Grow Your Own Display for the Lunar New Year

Symbolism plays an important role during the Lunar New Year. Everything associated with the festivities have auspicious- sounding names, even plants. Festive plants and flowers with auspicious names are bought potted or in stalks at their prime from nurseries and used to decorate the house.

If you want to have something different this year, why not try your hands at growing your own display plants?

With less than a month to go, hurry to the market now to buy three vegetables that you can grow into lucky display plants: Chinese arrowhead (Sagittaria sagittifolia); Chinese water chestnut (Eleocharis dulcis); and the cocoyam (Colocasia esculenta).

The supply of the Chinese arrowhead is seasonal and appears in the market only for a short period prior to the Lunar New Year. The latter two vegetables are sold all year round.

The symbolism behind the plants' names:
The Chinese arrowhead (慈菇; cí gū), due to its Chinese name, implies benevolence. Its arrowhead-shaped leaves that grow skywards signify continuous improvement and progress in all endeavours in the New Year.

The Chinese water chestnut (荸薺; bíqí) symbolises unity, a value that the Chinese holds dear for the family.

The cocoyam (芋头, yùtou) has the same pronunciation as 预头 which means 'luck' in Mandarin.

Learn about plant parts!
Did you know these three vegetables are plant parts that are botanically classified as corms? You can have your kids learn more about their food by observing closely the exterior appearances of these vegetables and also through cross-sections to view the interior structure.

Corms are compressed underground stems that also serve as specialised food storage organs. They contain dormant buds on the exterior which can become new growth. Although they look somewhat like onions (true bulbs), corms are solid tissue when cut across, which is unlike the layered fleshy scales of the onion that are actually modified leaves. They are also not tubers. Common underground vegetables like the potato are stem tubers, whereas the sweet potato is a root tuber. A stem tuber may be distinguished from a root tuber by the presence of buds or 'eyes' on its exterior.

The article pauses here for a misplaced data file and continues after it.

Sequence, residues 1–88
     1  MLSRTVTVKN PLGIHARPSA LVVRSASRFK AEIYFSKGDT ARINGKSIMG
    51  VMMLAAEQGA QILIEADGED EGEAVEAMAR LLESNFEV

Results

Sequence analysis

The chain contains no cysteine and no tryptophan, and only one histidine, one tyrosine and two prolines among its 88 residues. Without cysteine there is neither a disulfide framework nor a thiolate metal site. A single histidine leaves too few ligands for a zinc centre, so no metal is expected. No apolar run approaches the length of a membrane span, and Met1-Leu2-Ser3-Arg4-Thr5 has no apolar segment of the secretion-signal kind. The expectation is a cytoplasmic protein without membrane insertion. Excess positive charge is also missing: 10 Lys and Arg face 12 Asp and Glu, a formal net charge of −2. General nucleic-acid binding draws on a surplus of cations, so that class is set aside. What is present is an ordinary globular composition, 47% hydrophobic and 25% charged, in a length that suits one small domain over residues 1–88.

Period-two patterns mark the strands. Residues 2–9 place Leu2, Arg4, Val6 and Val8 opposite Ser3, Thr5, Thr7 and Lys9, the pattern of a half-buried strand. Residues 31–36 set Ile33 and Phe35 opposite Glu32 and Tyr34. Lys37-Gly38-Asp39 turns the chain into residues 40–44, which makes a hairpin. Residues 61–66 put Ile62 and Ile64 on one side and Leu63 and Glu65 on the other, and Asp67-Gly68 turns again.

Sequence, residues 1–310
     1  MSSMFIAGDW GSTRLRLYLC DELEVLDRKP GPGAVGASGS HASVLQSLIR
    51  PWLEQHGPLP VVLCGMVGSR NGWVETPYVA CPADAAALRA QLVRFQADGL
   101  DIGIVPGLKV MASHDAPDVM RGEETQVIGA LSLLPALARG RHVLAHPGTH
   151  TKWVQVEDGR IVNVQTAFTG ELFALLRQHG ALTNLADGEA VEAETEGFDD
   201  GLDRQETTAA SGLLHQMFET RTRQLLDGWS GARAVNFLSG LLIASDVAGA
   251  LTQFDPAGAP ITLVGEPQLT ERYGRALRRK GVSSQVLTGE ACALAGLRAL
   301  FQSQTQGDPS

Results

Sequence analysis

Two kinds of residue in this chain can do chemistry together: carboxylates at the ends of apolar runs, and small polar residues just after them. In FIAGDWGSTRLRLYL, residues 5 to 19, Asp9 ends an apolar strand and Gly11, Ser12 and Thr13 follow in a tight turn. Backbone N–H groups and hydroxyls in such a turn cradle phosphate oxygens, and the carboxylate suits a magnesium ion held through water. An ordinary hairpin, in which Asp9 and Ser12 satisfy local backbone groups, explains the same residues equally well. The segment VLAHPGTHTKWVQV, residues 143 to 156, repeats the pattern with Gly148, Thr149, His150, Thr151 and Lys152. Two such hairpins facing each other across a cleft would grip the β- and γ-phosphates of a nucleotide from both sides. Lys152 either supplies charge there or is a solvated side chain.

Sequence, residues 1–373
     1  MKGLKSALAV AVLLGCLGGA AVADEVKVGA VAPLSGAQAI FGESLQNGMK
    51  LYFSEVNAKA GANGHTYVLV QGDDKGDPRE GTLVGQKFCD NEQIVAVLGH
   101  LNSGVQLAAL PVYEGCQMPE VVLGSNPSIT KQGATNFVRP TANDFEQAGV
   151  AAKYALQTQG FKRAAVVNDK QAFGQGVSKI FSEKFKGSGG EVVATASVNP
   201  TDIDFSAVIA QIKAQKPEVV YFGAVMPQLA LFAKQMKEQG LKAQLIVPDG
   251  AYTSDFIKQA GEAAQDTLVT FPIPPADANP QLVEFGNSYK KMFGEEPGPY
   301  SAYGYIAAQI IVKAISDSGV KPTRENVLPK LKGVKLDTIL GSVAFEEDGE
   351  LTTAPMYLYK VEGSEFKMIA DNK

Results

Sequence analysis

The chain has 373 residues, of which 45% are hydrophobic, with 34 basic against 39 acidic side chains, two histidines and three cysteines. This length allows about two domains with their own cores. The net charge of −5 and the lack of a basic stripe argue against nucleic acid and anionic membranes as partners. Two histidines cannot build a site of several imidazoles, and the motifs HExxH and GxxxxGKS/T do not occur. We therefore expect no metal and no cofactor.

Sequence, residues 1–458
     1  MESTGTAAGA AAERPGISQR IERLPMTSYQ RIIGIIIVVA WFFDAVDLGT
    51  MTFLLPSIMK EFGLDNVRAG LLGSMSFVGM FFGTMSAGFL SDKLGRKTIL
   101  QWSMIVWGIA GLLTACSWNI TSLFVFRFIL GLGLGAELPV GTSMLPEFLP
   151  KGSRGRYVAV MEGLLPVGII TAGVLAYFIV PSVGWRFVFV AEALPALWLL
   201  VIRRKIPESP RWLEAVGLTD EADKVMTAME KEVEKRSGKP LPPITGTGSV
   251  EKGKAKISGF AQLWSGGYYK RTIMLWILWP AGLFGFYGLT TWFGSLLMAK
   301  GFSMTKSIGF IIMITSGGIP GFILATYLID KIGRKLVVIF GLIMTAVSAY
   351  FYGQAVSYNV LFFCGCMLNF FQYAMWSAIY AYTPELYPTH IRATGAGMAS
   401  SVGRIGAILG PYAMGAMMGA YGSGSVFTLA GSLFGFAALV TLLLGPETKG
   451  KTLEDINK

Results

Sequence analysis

Choosing planting materials

Similar to buying ingredients for cooking, the corms selected for planting should not show signs of damage or disease.

Preferably, there should be growing points already present which can give you a faster headstart compared to those with their growing points damaged or cut-off by the seller.

Planting them...

For the container, choose one that you would want to display them in for the festivities.

When growing the Chinese arrowhead and Chinese water chestnut, you can plant them inside a water-tight container using large smooth pebbles as the growing substrate. For the cocoyam, you can use commercial potting soil placed inside a container with drainage holes at the base.

Follow the steps given below:

Step 1:

Fill the bottom of the container with the recommended substrate.

Step 2:

Place the corms on the soil surface and space them out adequately, say, a distance of about at least 5 cm should be given between neighbouring corms.

Step 3:

Fill the gaps with soil, taking note not to bury the growing point . The soil surface should ideally be level with the base of the growing point. Finally, water thoroughly to settle the substrate. Ensure the corms are seated securely in the container.

Step 4: Watch your corms put forth new growth! Place the container in a sunny location of your home, for example, at the balcony or corridor. Plants should be given at least 6 hours of direct sunlight daily to ensure healthy growth.

Step 5:

As the plants grow, you can decorate them by tying red ribbons around them or even put in a layer of golden-coloured pebbles on the soil surface. Let your creative juices flow! Shown here are Chinese water chestnut and cocoyam plants.

Interestingly, all three vegetables are plants, which in their native habitats, grow in exposed wet and marshy areas. Keeping this in mind, these plants should be given lots of sun and the soil of these three vegetables should be kept moist at all times and not allowed to dry out totally.

By Wilson Wong
Photo for Step 4 by Mr Tan Boon Kiat.

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